BA
)
exists between the sampling instants of the both ends. Moreover, the instant at
which the fault is detected is usually considered as the time stamp: t
A
= 0 (at the
bus A) and t
B
= 0 (at the bus B), which also do not coincide. In consequence, the
measurements from both ends do not have a common time base. In order to
assure such common base one has to take the measurements from the particular
end as the base (for example from the terminal B, as it will be assumed in all
further considerations), while for the other terminal (the terminal A) needs to
introduce the respective alignment. In case of formulating the fault location
algorithm in terms of phasors of the measured quantities, phase alignment is
done by multiplying all the phasors from the terminal A by the synchronization
operator e
j
, where is synchronization angle.
2.2 Use of two-end voltages and current unsynchronized measurements
The distributed-parameter model of a faulted line for the i-th symmetrical
component, with use of the correction factors for representing series and shunt
parameters, as in Fig. 3, is taken into consideration. The voltage at fault point
(F), viewed from the terminals A and B, respectively, is expressed as follows:

A j
A A
[ cosh( ) sinh( )]e
Fi i i ciL i i
V V ld Z I ld

= , (1)

B
cosh( (1 )) sinh( (1 ))
Fi Bi i ciL Bi i
V V l d Z I l d = , (2)
where: V
Ai
, I
Ai
, V
Bi
and I
Bi
are phasors of the i-th symmetrical component of
voltages and currents obtained from measurements at the line terminals.
Fault detection
at BUS A

t
A
t
B
t
(
1
t)
t
A
= 0
t
B
= 0
t = t
B
= 0
t
FLT
t

()
T
BA
sampling interval
Fault detection
at BUS B

Accurate Fault Location Algorithm on Power Transmission Lines...
193

j
e cos( ) jsin( )

= + , (3)
: synchronization angle,
l: length of the line (km),
i iL iL
Z Y = : propagation constant of the line for the i-th symmetrical
component,
ciL iL iL
Z Z Y = : characteristic impedance of the line for the i-th symmetrical
component,
j
iL iL iL
Z R L = + : impedance of the line for the i-th symmetrical component
( /km),
j
iL iL iL
Y G C = + : admittance of the line for the i-th symmetrical
component (F/km),
iL
R ,
iL
L ,
iL
G ,
iL
C : resistance, inductance, conductance and capacitance of
the line for the i-th symmetrical component.

Fig. 3 Distributed-parameter model of faulted transmission line
for the i-th symmetrical component.

After taking into account the following trigonometric identities:
cosh( (1 )) cosh( ) cosh( ) sinh( )sinh( )
i i i i i
l d l ld l ld = , (4)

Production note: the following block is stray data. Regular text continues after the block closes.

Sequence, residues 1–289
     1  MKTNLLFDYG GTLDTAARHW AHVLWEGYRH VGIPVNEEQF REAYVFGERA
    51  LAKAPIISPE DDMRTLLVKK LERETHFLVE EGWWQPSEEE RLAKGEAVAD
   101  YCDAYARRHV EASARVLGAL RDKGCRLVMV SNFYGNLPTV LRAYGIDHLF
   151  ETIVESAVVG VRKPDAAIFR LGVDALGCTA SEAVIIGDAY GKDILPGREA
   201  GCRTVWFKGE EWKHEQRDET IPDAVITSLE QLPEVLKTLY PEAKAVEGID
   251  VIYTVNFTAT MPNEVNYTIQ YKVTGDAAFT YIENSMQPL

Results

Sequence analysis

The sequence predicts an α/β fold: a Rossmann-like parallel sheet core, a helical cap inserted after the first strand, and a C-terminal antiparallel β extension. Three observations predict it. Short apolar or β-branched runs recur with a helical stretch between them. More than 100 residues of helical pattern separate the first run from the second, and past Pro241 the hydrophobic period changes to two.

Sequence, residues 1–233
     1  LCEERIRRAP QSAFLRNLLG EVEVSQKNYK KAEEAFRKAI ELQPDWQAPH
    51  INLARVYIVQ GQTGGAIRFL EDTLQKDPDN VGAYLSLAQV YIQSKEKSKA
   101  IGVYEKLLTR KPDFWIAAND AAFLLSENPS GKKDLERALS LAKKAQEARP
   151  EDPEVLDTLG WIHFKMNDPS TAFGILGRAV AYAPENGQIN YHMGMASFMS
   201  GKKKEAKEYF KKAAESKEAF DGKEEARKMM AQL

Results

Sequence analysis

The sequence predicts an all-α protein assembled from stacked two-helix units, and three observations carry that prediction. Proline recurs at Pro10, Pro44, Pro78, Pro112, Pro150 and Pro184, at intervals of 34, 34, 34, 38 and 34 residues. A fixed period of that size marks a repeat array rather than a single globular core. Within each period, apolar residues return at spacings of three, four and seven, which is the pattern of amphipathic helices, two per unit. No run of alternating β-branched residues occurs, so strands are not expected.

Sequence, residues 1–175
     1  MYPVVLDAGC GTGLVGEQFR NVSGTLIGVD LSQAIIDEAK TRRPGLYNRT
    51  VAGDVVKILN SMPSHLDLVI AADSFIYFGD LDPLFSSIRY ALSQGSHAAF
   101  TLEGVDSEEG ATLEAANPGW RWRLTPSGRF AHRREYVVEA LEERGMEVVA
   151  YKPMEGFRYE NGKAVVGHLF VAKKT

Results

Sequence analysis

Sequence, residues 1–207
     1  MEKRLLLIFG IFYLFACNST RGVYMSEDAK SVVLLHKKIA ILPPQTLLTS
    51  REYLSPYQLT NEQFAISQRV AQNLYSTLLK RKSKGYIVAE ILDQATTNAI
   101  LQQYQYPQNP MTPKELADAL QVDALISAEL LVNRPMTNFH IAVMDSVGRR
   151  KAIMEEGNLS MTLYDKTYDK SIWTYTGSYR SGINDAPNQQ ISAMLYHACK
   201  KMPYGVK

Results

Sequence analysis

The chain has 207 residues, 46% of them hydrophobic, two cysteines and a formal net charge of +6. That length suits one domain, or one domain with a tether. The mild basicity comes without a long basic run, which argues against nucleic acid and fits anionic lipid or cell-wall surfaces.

sinh( (1 )) sinh( ) cosh( ) cosh( )sinh( )
i i i i i
l d l ld l ld = , (5)
and performing further rearrangements, the formula (2) can be presented as:

B
cosh( ) sinh( )
Fi i i i i
V F ld H ld = + , (6)
where:
cosh( ) sinh( )
i Bi i ciL Bi i
F V l Z I l = , (7)
sinh( ) cosh( )
i Bi i ciL Bi i
G V l Z I l = + . (8)
B Z
ciL
sinh(
i
dl)
F
I
Bi
V
Ai
e
j
I
Ai
e
j
V
Bi
V
Fi
I
Fi
I
Fi

A
Z
ciL
sinh(
i
l(1d))
tanh(0.5
i
dl)
Z
ciL

tanh(0.5
i
l(1d))
Z
ciL

D. Mohamed, S. Houari, B. Tahar
194
The voltages (1) and (2), as present at the same fault point (F), are to be
compared:

A B
Fi Fi
V V = . (9)
Performing such a comparison results in obtaining :
sinh( ) cosh( ) 0
i i i i
X ld N ld + = , (10)
where:

j
A
sinh( ) cosh( )
i Bi i ciL Bi i ciL i
X V l Z I l Z I e

= , (11)

j
A
cosh( ) cosh( ) V
i Bi i ciL Bi i i
N V l Z I l e

= , (12)
From (10) one obtains the following formula for the distance to fault, with
use of the i-th symmetrical component of voltages and currents obtained from
measurements at the line terminals:

j
1 A
j
A
cosh( ) sinh( ) V 1
tanh
sinh( ) cosh( )
Bi i ciL Bi i i
i Bi i ciL Bi i ciL i
V l Z I l e
d
l V l Z I l Z I e


=



. (13)
2.3 Determination of synchronization angle
Usage of the formula (13) requires prior determination of the
synchronization operator (e
j
) since in the presented approach it does not go
cancellation, as it was in [3, 4]. The unknown synchronization angle can be
calculated with using the pre-fault [6] or fault quantities [7]. This paper
proposes to determine the synchronization angle also from the fault quantities,
however in the substantially different way.
The algorithm presented here applies elimination of the synchronization
angle as a result of the applied mathematical manipulations. It starts with
considering the lumped model of the faulted line while disregarding the shunt
parameters (Fig. 4).
Comparison of the i-th symmetrical component of voltage at fault point
(V
Fi
), viewed from both A and B ends gives:

j j
A
e e = (1 )Z I
Ai iL i Bi iL Bi
V dZ I V d

. (14)
Resolving (14) into real and imaginary parts gives:

4
1 2 4
Re( )sin Im( )cos Im( )
( sin cos ),
Ai Ai Bi i
i i i
V V V C
d C C C
+ + =
= + +
(15)

3
1 2 3
Re( ) cos Im( )sin Re( )
( cos sin ).
Ai Ai Bi i
i i i
V V V C
d C C C
+ =
= +
(16)

Accurate Fault Location Algorithm on Power Transmission Lines...
195

Fig. 4 Lumped model of faulted line for the i-th symmetrical component.

The coefficients C
1i
, C
2i
, C
3i
, and C
4i
, in equations (15) and (16) are defined as:

1
Re( ) Im(I ) Im( ) Re(I )
i iL Ai iL Ai
C Z Z = , (17)

2
Re( ) Im(I ) Im( ) Re(I )
i iL Ai iL Ai
C Z Z = + , (18)

3
Re( ) Re(I ) Im( ) Im(I )
i iL Bi iL Bi
C Z Z = , (19)

4
Re( ) Im(I ) Im( ) Re(I )
i iL Bi iL Bi
C Z Z = + . (20)
The next step is to divide (15) by (16) to form one equation with one
unknown . After rearranging this equation and cancelling a number of terms,
the resulting equation is:

1 2 3
A cos( )+A sin( ) + A 0 = (21)

1 3 4 1
2 1 3 2 4
A Re(V ) Im(V ) Re(V )
Im(V ) ,
i i Ai i Ai i Bi
i Bi i i i i
C C C
C C C C C
=
+ +

(22)

2 4 3 2
1 2 3 1 4
A Re(V ) Im(V ) Re(V )
Im(V ) ,
i i Ai i Ai i Bi
i Bi i i i i
C C C
C C C C C
= +
+ +
(23)

3 2 1 4 3
A Re(V ) Im(V ) Re(V ) Im(V )
i i Ai i Ai i Bi i Bi
C C C C = + . (24)
The equation for the synchronization angle can be solved using the method
outlined below.
2.3.1 Newton Raphson solution
Equation (21) has one unknown (the synchronization angle) and can be
solved by an iterative Newton-Raphson method. The equations for the iterative
calculation of the angle (radian) are:

1
( )
( )
k
k k
k
F
F
+

= +

, (25)
B dZ
iL
F
I
Bi
V
Ai
e
j
I
Ai
e
j
V
Bi
V
Fi
I
Fi
I
Fi

A
(1d)Z
iL

D. Mohamed, S. Houari, B. Tahar
196

2 1 3
( ) cos sin
k i k i k i
F A A A = + + , (26)

1 2
'( ) cos sin
k i k i k
F A A = . (27)
The iterative procedure is stopped when the difference between the last two